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Fitzgerald's Electric Machinery book explains the following on chapter 2.7:

...

The delta-delta connection has the advantage that one transformer can be removed for repair or maintenance while the remaining two continue to function as a three-phase bank with the rating reduced to 58 percent of that of the original bank; this is known as the open-delta, or V, connection. The Y - Y connection is seldom used because of difficulties with exciting-current phenomena. (footnote 5)

(footnote 5): Because there is no neutral connection to carry harmonics of the exciting current, harmonic voltages are produced which significantly distort the transformer voltages

I don't understand how there is "no neutral connection" in the Y-Y system, as it is the only system where both primary and secondary do have the neutral connection. What am I missing here?

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  • \$\begingroup\$ You don't need a neutral for a balanced load and balanced supply but, a Y-Y transformer has serious problems in producing a balanced output on light loads. That's why you don't see this configuration used in transformers. \$\endgroup\$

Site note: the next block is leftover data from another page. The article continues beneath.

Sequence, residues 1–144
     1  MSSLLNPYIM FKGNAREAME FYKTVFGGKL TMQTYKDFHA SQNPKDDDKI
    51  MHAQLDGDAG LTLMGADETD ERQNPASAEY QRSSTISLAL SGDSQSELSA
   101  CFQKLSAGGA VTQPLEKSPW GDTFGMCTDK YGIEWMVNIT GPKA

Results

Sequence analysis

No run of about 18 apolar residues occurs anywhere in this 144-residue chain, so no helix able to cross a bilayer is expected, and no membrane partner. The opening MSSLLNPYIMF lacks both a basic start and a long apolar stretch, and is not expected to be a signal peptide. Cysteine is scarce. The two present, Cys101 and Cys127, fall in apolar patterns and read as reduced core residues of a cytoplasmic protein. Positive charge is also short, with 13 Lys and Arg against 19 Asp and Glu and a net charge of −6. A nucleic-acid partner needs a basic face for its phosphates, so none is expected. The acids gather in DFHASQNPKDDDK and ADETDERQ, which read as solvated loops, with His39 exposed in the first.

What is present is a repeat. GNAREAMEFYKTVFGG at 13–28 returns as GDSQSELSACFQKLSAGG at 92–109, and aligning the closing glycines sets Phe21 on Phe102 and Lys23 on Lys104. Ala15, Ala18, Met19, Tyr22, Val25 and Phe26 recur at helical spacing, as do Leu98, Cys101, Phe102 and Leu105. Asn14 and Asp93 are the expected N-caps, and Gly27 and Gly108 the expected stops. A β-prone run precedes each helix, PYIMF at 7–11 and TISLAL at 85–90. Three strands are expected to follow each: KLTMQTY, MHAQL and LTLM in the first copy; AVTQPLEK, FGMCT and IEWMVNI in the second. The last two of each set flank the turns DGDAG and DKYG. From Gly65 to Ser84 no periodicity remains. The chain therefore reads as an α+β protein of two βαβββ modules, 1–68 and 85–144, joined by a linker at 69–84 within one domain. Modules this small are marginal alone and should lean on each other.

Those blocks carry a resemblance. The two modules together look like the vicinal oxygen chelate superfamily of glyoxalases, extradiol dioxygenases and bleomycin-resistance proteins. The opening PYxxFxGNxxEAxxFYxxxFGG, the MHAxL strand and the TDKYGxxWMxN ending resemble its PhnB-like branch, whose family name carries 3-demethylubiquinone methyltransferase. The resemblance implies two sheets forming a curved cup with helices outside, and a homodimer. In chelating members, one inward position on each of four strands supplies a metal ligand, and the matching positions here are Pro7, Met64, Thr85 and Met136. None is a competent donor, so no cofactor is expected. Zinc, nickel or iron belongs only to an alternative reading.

– Andy aka
    Dec 21, 2023 at 18:32
  • \$\begingroup\$ @Andyaka Thank you, so the book's explanation is incorrect? Also, can you explain or direct me to a source that explains (mathematically) why the Y-Y transformer would struggle providing balanced output on light loads? \$\endgroup\$
    – aulven
    Dec 21, 2023 at 19:23
  • \$\begingroup\$ I don't know of a book that explains this but also, I can't say that the quote above is incorrect; for me, any primary coil impedance imbalances will produce significant output voltage imbalances on light loads due to the star formation and, that is why a Y primary is never used without significant reasons. \$\endgroup\$
    – Andy aka
    Dec 21, 2023 at 19:42

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